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In Papua New Guinea, "spirit boards," also known as "gope," were carved from wood by important men of an extended family or clan. Made from discarded canoes and usually decorated with carved and painted designs on one side, these boards vary greatly in style. At the turn of the 20th century, when most of the boards featured here were collected, men lived apart from women and uninitiated boys; their houses had designated areas or shrines created to display items, such as spirit boards, that indicated personal status and clan identity. "Embodied Spirits" is the first book devoted exclusively to spirit boards. Full-page photographs illustrate the boards of each region, and historical photographs show them in situ. The book also includes original essays by two noted scholars of Papuan Gulf art.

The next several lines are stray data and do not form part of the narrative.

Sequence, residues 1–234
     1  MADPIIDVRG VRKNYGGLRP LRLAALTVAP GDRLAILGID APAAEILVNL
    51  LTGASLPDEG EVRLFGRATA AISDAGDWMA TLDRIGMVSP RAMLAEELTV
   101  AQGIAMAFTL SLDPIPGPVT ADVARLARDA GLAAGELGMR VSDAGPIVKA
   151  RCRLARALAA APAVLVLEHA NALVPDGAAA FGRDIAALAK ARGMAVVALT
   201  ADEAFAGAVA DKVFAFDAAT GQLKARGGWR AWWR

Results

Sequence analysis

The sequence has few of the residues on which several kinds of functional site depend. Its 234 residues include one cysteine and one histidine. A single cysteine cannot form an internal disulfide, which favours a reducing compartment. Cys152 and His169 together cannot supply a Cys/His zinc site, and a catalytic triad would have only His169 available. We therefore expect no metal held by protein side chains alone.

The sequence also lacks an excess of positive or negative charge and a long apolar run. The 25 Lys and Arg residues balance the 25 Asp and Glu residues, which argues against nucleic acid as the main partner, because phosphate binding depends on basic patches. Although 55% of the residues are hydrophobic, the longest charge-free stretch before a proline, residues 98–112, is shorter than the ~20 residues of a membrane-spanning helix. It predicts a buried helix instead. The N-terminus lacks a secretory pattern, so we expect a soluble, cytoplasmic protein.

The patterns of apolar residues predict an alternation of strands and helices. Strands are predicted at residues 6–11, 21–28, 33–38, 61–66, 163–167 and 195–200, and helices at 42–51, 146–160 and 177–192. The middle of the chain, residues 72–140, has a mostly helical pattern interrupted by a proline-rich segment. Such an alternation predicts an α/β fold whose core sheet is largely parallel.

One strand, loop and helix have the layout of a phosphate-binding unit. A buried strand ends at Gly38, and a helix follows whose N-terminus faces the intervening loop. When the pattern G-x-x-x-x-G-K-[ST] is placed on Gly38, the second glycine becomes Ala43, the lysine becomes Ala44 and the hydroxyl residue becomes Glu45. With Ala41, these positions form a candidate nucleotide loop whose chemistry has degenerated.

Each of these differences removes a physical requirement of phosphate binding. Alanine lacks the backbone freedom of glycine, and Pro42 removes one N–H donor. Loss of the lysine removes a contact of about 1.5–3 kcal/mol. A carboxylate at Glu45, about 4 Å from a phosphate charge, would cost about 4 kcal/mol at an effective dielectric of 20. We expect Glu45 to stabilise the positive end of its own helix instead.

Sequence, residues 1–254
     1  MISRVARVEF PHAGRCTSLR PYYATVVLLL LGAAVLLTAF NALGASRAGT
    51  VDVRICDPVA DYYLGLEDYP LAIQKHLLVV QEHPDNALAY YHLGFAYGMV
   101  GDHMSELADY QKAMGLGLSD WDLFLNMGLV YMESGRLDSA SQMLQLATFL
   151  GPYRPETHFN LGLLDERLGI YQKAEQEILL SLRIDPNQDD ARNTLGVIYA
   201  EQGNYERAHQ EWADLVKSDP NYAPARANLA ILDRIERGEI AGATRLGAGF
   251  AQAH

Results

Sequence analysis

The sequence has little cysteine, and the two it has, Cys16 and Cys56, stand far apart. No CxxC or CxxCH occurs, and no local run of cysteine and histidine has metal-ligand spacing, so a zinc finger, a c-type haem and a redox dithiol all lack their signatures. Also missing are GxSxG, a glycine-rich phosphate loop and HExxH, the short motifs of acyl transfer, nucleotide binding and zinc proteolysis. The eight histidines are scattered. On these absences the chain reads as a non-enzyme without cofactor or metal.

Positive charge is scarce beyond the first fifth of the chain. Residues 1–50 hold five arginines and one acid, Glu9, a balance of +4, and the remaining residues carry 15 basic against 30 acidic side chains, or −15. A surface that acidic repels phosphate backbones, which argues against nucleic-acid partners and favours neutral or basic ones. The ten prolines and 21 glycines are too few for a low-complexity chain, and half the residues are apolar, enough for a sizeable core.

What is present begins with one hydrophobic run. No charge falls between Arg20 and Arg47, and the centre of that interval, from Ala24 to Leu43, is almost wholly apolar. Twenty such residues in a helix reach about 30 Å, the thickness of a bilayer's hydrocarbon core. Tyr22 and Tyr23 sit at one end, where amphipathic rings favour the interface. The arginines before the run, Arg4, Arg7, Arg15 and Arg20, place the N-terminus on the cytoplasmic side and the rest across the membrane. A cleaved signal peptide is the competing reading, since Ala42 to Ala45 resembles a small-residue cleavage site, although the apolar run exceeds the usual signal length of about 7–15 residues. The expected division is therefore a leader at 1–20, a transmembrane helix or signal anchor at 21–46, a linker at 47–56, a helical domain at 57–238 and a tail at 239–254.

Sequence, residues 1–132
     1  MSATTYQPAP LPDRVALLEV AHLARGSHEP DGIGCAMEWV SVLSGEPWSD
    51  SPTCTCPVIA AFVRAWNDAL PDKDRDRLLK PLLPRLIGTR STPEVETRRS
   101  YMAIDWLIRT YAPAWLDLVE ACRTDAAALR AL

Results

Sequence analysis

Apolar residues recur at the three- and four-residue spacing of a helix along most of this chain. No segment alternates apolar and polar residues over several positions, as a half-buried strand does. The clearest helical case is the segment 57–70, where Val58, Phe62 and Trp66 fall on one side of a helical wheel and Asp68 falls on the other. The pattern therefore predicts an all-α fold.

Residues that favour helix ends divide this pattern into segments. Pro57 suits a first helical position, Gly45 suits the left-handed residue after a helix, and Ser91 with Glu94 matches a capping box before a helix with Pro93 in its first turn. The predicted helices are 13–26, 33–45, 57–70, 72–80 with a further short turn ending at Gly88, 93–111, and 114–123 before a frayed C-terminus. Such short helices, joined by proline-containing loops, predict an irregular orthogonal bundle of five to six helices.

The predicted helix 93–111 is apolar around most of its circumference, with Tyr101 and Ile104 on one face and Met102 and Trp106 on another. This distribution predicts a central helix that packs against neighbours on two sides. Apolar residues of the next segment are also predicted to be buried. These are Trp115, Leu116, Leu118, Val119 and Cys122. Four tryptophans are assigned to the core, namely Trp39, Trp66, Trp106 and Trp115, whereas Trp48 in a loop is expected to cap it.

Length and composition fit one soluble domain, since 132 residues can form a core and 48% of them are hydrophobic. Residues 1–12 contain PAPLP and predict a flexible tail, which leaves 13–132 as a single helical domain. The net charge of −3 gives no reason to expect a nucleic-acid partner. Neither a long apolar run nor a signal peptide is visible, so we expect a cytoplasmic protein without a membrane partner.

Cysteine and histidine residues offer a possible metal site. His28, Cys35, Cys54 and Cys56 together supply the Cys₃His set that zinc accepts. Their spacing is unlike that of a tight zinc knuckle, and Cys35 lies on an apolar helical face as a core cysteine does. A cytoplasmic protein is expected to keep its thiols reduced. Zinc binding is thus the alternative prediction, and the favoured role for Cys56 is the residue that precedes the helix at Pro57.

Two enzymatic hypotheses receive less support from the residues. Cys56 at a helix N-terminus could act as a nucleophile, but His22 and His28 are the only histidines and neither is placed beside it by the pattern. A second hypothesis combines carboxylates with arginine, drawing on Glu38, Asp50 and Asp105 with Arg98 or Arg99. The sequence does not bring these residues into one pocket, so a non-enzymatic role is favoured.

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About the Author

Virginia-Lee Webb is former research curator and senior research scholar at The Metropolitan Museum of Art, in the Department of the Arts of Africa, Oceania, and Americas. Thomas Schultze-Westrum is a researcher, photographer, and videographer who has worked in New Guinea. Robert L. Welsch is associate professor of anthropology at Franklin Pierce University in New Hampshire.

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